I see this pioneering venture of mine like a series of films or plays in front of me. I am the producer, the director, the actors, the narrator. I’m every character in these films and plays; I write the script of all the participants. My hope is that others can see me and others in these films and gain something from this visual-cognitive-literary experience. But I’m the one who’s got to convey the series of events! If I don’t convey them, they will not come to exist in the collective memory. I can see the activities on the big screen and then I transcribe them into words on the page. I see the entire account in the form of a cinemascope Hollywood production. Every colour's there, and everything's there, everything I put there. And I want folks to see this vision. Writers like to have readers in similar ways that talkers like to have listeners.
Perhaps the most compelling aspect of memory to a pioneer like myself, contributing his small part to the great pioneering tradition within a religion which claims to be the latest of the Abrahamic religions, is its role as a potential human treasury of immeasurable wealth. It may be overstating the case to describe my inheritance as a silver chalice to be nurtured and passed on. I attempt to share my experience, my culture, of a pioneer, in the face of change. This sharing is an act that embodies the belief that nothing is gone unless it is forgotten or, more importantly, unless I don’t write about it. By choosing to remember my pioneer experience, so often outwardly and apparently insignificant, I have prioritised the communal bonds of my personal and community life. I have engaged in a human exchange in order to celebrate my part in a pioneering heritage that is a source of pride, ownership and creativity.
Without my active belief in the continuing vitality of my pioneer experience, it would be nothing more than a dirt track. Combining memory, tradition, and creativity, I have recreated its understated landscape as a living and monumental archive, an archive that is my pioneering life. Unless I write about my experience it is carefully buried in what you might call a midden. A midden is a place where one disposes of rubbish or where one buries things for posterity. Concealed in layers, the midden is capable of divulging artefacts which relay a history of human dwelling. From the fragmented and unknown to the objects of living memory, the pieces of broken china, horse brasses and tackle, or cracked pots, cups and basins confirm the ancestral and emanate belonging. Nearer the surface objects become more complete in their direct relationship to remembered people. This midden will never be unearthed if I do not write about my experience. It will remain concealed. My relationship to remembered people will never find a public face.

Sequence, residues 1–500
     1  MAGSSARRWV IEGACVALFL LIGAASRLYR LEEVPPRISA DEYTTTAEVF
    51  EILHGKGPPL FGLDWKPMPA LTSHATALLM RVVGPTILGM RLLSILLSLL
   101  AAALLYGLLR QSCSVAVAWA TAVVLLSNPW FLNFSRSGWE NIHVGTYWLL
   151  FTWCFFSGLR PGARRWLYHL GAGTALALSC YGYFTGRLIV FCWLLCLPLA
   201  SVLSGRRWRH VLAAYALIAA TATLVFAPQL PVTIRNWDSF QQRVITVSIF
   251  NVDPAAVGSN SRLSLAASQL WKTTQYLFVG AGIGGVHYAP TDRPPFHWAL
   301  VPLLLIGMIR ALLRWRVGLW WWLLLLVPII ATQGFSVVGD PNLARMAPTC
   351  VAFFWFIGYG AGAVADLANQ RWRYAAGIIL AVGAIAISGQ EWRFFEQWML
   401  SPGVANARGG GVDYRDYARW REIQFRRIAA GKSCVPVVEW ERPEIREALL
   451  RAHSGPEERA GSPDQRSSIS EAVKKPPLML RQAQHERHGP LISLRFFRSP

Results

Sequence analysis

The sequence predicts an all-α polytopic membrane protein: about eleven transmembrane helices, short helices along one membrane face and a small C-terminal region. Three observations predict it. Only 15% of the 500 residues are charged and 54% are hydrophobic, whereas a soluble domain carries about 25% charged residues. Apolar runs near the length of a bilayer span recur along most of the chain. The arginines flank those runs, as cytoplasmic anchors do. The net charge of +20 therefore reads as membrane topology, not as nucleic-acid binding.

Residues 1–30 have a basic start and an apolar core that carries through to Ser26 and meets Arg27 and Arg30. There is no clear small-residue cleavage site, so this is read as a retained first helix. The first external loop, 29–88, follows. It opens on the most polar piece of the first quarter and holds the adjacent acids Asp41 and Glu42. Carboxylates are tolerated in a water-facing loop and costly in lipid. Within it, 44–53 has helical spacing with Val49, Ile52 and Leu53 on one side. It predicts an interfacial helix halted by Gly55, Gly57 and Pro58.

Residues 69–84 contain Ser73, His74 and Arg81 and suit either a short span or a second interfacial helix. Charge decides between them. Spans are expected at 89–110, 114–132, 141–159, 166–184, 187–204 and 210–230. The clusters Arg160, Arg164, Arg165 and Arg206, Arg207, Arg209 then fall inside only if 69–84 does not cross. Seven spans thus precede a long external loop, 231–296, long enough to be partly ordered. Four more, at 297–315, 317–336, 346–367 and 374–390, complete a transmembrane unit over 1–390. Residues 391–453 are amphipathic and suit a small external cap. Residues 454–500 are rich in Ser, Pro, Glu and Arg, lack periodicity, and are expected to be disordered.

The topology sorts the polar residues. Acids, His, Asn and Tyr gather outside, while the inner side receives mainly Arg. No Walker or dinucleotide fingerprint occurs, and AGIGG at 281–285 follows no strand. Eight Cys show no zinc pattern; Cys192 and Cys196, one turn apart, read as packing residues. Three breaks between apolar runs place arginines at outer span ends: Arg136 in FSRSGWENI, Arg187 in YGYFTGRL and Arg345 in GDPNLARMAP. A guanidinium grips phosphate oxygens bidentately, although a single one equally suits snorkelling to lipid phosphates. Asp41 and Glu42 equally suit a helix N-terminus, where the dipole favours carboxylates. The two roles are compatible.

The material in this midden becomes a conduit for new narratives that use a sense of the past to objectify the present. Within pioneer culture the pervasive themes of cyclical renewal, or life as a journey, reflect a worldview instilled by the practical, descriptive, and symbolic richness of pioneering as a form of education in which the guidance of family and community, tradition and nature is always accessible when sought.
My life as a pioneer and my memories of the journey have taught me to cultivate the spirit of discernment and the ability to read my environment from the inside. Tradition, the tradition of pioneering in the Baha’i community, manifests itself in the connections of knowledge drawn between the visible and the unseen. My belief as a pioneer in both the material aspects of my life and the traditions of my religion carry energetic properties, tangible shadows of the lives and experiences they connote. Handed down in my writing is a belief that "the eyes are the mirror of the soul.” Looking in, so to speak, on the landscape that is my environment has become a type of teacher, a type of reflection of the human situations in which I have been involved.